Thursday, September 3, 2020

Doing the Maths

Environmental & Science Education
Mathematics Education
Edward Hessler

The fallback position for President Trump with respect to Covid-19 testing "makes us look bad" and/or "When you test, you create cases." The math equation is a simple one: increase testing for COVID19 = increase cases of COVID19.

As Sharon Begley, reporting for STAT put it, "Basically, the president was arguing that the U.S. had just as many new cases in June and July as it did in May but, with fewer tests being done in May, they weren’t being detected; with more testing now, they are."

In that article Begley reports on a STAT analysis of testing date for all 50 states and the District of Columbia showed that President's claim is wrong. The spread of the COVID-19 virus explains the increase. The disease is more prevalent.

The report covers cases from mid-May to mid-July. There are seven exceptions about which Begley writes "Colorado, Indiana, Michigan, Missouri, North Carolina, Ohio meet the three criteria needed to support Trump's claim... The criteria are doing more tests in July than in May, finding more cases on a typical day in July than May, but seeing the number of cases per 1,000 tests decline or remain unchanged from May to June."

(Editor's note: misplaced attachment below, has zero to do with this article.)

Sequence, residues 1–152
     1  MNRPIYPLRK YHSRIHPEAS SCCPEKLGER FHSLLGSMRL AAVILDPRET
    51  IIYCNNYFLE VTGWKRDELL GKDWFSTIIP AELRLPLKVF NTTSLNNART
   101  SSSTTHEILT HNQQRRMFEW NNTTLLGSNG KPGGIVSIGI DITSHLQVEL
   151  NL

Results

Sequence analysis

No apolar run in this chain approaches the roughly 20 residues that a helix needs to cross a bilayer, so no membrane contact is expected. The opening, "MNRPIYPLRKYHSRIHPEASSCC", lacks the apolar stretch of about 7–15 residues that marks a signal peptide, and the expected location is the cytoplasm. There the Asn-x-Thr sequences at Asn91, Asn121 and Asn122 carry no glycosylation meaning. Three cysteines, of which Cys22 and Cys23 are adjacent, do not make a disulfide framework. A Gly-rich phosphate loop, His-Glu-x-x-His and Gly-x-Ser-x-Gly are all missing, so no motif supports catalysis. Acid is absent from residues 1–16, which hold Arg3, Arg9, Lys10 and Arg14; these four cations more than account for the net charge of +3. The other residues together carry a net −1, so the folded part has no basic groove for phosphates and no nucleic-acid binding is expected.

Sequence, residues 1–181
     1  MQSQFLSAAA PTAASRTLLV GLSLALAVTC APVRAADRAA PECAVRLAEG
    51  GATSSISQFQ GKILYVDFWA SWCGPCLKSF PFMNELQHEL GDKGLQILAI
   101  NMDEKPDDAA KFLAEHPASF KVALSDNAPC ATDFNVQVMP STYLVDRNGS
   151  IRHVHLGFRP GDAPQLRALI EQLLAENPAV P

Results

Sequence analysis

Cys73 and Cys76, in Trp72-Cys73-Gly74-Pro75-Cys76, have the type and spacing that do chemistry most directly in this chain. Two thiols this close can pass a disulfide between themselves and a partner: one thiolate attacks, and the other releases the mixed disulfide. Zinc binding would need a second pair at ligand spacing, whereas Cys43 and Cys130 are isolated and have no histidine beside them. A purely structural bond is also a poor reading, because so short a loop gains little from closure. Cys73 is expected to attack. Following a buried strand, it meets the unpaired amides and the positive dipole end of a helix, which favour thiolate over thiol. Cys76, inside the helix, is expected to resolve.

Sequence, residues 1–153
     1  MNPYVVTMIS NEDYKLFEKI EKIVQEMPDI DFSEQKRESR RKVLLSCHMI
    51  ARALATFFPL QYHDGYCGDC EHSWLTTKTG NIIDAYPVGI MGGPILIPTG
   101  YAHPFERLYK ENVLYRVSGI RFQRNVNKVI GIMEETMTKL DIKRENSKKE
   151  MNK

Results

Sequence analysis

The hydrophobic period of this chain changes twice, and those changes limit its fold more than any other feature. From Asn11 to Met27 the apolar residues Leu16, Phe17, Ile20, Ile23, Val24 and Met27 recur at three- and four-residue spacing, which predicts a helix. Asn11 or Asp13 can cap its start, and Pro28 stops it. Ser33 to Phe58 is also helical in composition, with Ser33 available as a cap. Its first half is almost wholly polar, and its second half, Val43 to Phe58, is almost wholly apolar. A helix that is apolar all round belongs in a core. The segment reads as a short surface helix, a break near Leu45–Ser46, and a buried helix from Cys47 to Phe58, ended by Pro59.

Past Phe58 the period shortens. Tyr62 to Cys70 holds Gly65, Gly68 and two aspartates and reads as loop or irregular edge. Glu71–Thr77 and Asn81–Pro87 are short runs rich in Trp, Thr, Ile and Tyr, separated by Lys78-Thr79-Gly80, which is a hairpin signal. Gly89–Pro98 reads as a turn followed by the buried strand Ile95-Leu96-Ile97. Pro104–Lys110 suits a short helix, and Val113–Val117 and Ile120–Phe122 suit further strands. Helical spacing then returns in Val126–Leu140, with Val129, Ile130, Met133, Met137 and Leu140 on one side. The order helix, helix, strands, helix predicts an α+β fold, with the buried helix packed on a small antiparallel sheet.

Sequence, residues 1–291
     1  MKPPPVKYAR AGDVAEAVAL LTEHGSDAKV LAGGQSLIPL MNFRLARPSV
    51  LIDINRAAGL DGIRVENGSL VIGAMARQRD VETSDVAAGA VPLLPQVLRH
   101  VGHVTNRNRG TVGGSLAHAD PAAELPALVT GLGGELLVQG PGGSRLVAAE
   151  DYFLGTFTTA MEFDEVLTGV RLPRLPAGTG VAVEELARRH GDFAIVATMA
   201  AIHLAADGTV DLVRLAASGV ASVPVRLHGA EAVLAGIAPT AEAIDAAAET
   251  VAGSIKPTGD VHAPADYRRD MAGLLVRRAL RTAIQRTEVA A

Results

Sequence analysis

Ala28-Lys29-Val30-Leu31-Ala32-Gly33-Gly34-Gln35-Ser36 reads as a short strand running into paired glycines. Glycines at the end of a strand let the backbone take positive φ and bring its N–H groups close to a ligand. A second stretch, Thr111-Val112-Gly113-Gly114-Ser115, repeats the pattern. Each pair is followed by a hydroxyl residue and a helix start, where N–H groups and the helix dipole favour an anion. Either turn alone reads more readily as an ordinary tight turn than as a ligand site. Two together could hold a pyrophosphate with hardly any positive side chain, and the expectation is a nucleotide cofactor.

Begley describes these exceptions as "fascinating" and one of the many questions epidemiologists have ahead will be developing evidence-based reasons for the differences. This task will be complicated and there is not enough evidence currently to do that.

Begley continues, noting that on the other hand "New York tells the opposite story: more testing found fewer cases. The site nearly doubled its daily tests from May 13 (33,794) to July 12 (62,418). But its cases fell from 2,176 to 557. If the case rate had not dropped (by 86%), New York's expanded testing would have found 3,995 cases on July 12."

Begley's splendid article provides more details but most importantly and useful to most of us is that it includes a link to the STAT analysis (a summary chart). I include it here to ensure that you don't miss it although it is hardly buried in Ms. Begley's essay. The number of cases per 1000 is important because it is independent of the number of tests.

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